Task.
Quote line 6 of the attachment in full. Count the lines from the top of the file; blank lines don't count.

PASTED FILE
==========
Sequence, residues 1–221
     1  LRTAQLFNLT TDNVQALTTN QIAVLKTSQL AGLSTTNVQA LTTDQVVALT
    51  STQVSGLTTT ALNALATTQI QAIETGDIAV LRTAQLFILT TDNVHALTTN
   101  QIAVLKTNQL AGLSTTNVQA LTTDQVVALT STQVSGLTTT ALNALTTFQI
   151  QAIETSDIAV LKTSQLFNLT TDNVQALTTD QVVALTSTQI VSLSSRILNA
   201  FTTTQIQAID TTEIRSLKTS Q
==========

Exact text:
   201  FTTTQIQAID TTEIRSLKTS Q